Two young men are inducted into the exclusive, debaucherous company of Oxford’s elite "Riot Club," in this scathing dissection of the British class system from Danish director Lone Scherfig (An Education).
The Riot Club
Those rich, young white men. Those lords. Born to English privilege, they float through childhood on inherited wealth, studying the bright future that birthright affords them. By the time they land at Oxford, they might have matured into responsible rulers in the making. Or monsters.
Told with bracing wit and precision by the director of An Education, The Riot Club is the story of a secret society of ten impossibly wealthy and entitled men at the university. Their traditions of indulgence and debauchery date back centuries, and they take deadly seriously their duty to master the arcane knowledge and exacting social codes that will secure them high posts in British government and business.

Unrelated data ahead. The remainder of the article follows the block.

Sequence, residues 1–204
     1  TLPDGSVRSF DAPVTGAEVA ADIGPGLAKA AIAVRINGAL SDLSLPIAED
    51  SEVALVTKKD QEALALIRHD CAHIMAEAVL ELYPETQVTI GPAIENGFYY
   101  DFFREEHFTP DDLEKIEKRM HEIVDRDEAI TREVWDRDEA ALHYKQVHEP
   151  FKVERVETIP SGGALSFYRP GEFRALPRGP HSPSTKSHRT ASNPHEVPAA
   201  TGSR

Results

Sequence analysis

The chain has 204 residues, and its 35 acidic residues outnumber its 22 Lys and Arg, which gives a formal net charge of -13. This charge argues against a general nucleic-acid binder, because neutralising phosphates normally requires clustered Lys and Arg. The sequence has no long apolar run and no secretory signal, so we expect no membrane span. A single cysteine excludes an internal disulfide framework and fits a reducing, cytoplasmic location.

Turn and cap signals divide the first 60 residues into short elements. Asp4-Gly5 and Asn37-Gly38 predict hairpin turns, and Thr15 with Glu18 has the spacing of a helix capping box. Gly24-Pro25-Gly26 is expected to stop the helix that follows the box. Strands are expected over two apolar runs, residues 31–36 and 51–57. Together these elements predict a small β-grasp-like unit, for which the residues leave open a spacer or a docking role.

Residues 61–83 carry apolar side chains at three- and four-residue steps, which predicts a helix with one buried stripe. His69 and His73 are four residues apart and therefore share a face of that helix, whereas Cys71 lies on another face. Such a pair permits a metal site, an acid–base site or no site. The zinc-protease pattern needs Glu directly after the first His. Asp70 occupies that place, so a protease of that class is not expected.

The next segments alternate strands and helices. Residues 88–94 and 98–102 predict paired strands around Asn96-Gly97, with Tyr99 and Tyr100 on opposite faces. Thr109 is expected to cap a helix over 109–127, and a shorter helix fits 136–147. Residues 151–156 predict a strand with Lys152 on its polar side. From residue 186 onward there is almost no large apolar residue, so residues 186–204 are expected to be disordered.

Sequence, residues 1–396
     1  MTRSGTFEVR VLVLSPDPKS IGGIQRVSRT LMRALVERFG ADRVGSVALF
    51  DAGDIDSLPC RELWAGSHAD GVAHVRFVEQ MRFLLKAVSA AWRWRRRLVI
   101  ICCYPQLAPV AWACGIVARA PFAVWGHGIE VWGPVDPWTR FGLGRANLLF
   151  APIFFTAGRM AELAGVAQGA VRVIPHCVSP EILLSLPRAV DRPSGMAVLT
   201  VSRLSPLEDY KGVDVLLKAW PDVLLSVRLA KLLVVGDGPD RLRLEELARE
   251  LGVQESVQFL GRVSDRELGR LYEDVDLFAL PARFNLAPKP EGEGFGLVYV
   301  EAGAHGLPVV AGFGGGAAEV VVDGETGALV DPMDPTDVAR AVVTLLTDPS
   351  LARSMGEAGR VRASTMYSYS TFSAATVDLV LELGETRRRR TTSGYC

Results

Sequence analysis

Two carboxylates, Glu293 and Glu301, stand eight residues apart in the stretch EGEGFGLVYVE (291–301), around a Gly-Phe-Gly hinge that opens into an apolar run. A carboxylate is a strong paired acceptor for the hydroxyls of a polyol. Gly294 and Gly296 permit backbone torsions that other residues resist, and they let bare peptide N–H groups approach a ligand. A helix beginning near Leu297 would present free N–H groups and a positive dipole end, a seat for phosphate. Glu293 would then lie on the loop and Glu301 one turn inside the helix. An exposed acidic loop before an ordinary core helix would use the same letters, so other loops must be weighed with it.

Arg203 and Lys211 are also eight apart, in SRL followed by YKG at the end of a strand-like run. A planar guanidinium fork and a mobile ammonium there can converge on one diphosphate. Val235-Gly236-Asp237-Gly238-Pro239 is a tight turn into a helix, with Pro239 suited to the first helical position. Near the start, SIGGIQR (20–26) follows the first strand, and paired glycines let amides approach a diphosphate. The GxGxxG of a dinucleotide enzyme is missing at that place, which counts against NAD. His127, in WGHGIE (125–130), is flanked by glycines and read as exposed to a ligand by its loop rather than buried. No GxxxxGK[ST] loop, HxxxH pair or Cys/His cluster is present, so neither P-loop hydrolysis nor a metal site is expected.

Miles (Max Irons) went to the right schools and cultivated the right connections to gain his place at Oxford, but he is ambivalent when the Riot Club recruits him in his first weeks on campus. He's not naturally superior. Lauren (Holliday Grainger), the young student who interests him, comes from a modest family. She actually earned her admission to the school on merit. But the thrill of inclusion is too great for Miles to resist.
Drawing cold fire from Laura Wade's original play, Danish director Lone Scherfig shows the same passion for exploring the ways class governs the lives of beautiful young Brits that she did in An Education. But this time, romance gives way to searing dramatic conflict, with a shocking set piece at a remote pub on the Riot Club's big night of ritual excess, where a potent combination of drink, drugs, and sex pushes Miles to a dangerous moral compromise.
Painting the film's climax with echoes of A Clockwork Orange and Lord of the Flies, Scherfig delivers a satisfying portrait of the savagery lurking beneath fine breeding.